For anyone planning to take my Fitness Assessment seminars in Edmonton and Calgary World Health clubs this coming March, I’m going to give away everything, in haiku form!!!!!!!
Posture is the key
To all assessments of the
kinetic chain, yo!
That’s right folks. You just read your first fitness assessment-related haiku. This will rank right up there with JFK, the Oilers making the cup finals in 2006, and Obama being elected for events that make you remember where you were when you heard it and tell people over and over for decades at crappy neighbor parties.
I’ve always believed that assessments should serve two purposes:
1. Show how the body moves under the effects of normal external forces (gravity, torque vectors, and potentially external loads)
2. Pick out dysfunctional movements or segments of the body through specific testing
I’ve never been a big fan of passive assessments, as there are too many confounding variables that are up to interpretation, such as hydration, compression (testing later in the day will usually result in less joint mobility, but more muscle mobility), fatigue (again, end of the day will have a greater amount of fatigue pushing the body into flexion bias than early in the day), nutrition, sleep, anxiety, etc, etc, etc. Literally the only time I’ll do a passive assessment is if the person has pain and I’m trying to figure out if their type of pain is one that can be trained or has to be referred out to an allied health practitioner. I’ve always believed that a passive assessment is testing a scenario that can never actually happen: supine position, completely relaxed muscles, lax joint, under no effect of gravity. There’s a place for this kind of testing, but for the most part it doesn’t prove any more than an active or dynamic assessment will prove, and in most cases the interpretation of the results may prove inaccurate once we get the person to actually move. I’m sure there’s a lot of people out there who will want to
hang me by my short hairs disagree with me on this one, but that’s my stand, folks.
Hang on a second, my soap box is pretty high today.
There we go. Okay, back to posture.
Let’s take a look at pretty much every major joint or injury in the body that can be injured due to overuse micro trauma.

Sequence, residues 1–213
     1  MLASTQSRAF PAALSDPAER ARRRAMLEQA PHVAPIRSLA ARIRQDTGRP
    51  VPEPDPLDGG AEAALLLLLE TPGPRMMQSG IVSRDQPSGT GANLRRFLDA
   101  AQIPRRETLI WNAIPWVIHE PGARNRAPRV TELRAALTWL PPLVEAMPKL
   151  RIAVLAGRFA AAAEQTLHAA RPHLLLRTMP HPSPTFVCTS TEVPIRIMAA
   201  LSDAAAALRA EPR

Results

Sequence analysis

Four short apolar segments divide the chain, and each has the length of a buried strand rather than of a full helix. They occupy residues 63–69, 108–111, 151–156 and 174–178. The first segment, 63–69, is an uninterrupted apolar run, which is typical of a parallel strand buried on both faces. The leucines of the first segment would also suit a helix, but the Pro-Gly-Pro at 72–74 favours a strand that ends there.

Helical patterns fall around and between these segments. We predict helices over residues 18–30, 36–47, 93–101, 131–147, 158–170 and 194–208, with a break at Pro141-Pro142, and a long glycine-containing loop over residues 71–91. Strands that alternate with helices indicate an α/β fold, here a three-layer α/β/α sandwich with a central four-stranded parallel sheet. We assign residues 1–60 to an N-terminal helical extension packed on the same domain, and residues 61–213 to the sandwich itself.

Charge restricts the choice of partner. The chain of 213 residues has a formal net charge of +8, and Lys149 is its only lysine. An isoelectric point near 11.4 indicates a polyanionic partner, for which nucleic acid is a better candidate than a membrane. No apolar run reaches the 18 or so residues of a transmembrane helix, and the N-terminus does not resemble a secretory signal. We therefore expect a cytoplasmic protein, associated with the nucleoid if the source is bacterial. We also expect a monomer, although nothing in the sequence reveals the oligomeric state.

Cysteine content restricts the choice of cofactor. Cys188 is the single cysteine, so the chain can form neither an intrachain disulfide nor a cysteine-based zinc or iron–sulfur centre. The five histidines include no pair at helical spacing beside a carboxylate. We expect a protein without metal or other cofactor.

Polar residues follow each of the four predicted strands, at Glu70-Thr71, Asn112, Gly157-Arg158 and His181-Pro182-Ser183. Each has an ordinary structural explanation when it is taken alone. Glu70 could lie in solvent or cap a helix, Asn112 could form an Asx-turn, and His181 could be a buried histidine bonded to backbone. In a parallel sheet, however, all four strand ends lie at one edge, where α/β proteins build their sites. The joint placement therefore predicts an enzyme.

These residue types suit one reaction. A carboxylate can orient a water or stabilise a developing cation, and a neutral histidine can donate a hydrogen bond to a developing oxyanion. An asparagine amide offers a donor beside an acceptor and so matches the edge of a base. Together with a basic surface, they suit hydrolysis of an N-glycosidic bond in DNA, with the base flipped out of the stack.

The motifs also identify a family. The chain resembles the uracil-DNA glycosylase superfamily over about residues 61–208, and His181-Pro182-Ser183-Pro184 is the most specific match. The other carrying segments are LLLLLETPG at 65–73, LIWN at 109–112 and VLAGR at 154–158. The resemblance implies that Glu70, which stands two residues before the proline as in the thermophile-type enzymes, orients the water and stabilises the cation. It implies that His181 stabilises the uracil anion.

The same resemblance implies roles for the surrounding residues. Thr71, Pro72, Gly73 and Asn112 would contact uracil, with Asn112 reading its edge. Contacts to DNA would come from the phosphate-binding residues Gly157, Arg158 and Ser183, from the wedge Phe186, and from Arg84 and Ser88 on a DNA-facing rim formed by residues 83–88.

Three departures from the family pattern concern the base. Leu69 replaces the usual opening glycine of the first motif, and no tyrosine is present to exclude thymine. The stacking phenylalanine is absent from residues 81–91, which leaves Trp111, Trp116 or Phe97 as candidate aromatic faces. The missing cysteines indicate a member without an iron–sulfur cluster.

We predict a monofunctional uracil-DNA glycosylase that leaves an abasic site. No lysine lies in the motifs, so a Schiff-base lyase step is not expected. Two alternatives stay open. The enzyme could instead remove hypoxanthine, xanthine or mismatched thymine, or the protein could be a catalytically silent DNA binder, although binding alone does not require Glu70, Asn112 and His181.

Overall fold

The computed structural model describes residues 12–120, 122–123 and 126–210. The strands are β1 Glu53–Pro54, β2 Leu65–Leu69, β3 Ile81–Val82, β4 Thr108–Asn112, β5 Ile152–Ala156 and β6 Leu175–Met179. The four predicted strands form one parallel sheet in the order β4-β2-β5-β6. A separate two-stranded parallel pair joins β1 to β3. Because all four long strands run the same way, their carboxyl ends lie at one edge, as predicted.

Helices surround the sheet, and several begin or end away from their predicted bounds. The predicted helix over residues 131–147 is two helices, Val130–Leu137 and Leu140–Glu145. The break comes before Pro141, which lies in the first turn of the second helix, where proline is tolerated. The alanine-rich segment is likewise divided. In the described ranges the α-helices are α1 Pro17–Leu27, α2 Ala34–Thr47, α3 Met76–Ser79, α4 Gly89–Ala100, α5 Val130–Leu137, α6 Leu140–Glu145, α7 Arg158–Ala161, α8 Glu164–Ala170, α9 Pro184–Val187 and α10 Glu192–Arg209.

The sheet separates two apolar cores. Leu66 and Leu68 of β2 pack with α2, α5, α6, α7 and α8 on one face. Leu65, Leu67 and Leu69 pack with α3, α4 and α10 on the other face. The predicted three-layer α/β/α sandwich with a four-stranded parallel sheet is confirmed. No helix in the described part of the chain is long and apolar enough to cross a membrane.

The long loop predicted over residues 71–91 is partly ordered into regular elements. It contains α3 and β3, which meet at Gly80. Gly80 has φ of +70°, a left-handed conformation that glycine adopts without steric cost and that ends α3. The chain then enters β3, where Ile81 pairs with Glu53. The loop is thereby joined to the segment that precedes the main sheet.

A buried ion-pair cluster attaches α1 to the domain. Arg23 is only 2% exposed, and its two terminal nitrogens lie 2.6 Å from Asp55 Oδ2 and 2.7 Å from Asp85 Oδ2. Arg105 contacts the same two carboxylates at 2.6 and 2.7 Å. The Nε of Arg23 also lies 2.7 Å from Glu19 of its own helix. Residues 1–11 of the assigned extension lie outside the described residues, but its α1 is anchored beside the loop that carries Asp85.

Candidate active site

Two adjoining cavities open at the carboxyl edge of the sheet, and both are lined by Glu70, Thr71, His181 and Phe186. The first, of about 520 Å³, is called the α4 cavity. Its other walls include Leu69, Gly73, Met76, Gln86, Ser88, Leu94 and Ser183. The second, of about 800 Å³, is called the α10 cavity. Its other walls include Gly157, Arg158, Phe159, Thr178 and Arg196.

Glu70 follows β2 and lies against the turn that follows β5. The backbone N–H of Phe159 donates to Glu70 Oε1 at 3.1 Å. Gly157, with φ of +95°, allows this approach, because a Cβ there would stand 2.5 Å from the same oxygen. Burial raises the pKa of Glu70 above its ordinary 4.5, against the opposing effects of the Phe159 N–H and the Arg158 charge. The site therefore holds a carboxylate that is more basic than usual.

Shoulder: scapular dyskinesis from kyphosis can result in rotator cuff impingement, AC strain, bicipetal tendinitis, and rotational deficiencies
Hips: anterior or posterior tilt can alter the angle the femur sits in the acetabulum, thus altering the wear on the surface and predisposing arthritis, but will show hip pain and back pain before then
Knees: pelvic tilt places unbalanced forces on the anterior or posterior meniscus, and pre-dispose ACL injury risk as well as patellar tendinitis
Ankles: hyperextended knees can cause a loss of dorsiflexion, flattening of the feet, and the smell of despair and angst when the person takes of their shoes (okay, made this one up)
Spine: Where do I begin….
Hell, there’s even research on the topic. Check this action out, from the Journal of the American Academy of Orthopedic Surgeons (Vol 11, No 2, March/April, 2003, 142-151):
Scapular dyskinesis is an alteration in the normal position or motion of the scapula during coupled scapulohumeral movements. It occurs in a large number of injuries involving the shoulder joint and often is caused by injuries that result in the inhibition or disorganization of activation patterns in scapular stabilizing muscles. Treatment of scapular dyskinesis is directed at managing underlying causes and restoring normal scapular muscle activation patterns by kinetic chain-based rehabilitation protocols.
In other words:
The shoulder shure don’t move so good when you’re back’s all slouched and stuff.
Try this one on for size: Sit up at the table or desk or lean-to where you’re reading this, and raise your arms over head as far as you can. Pretty high, right Cheech? Riiiiight.
Now, slouch like it’s going out of style and you’re trying to stockpile all the slouch so no one else can have any, and then try to raise your arms over head.
I’ve said it before and I’ll say it again: Piss poor posture produces piss poor potential. Holy alliteration, Batman, that’s a lot of P’s!!
So the next time you get a little achy in your owies, check to see what it’s connected to, where it breaks down, and what your posture actually looks like. Odds are, unless you were hit by a truck or you insulted a redneck’s mullet, your injury could have been prevented. By fixing small postural problems before they turn into big injuries that keep you down, you can turn yourself into a super-human bad-ass like yours truly.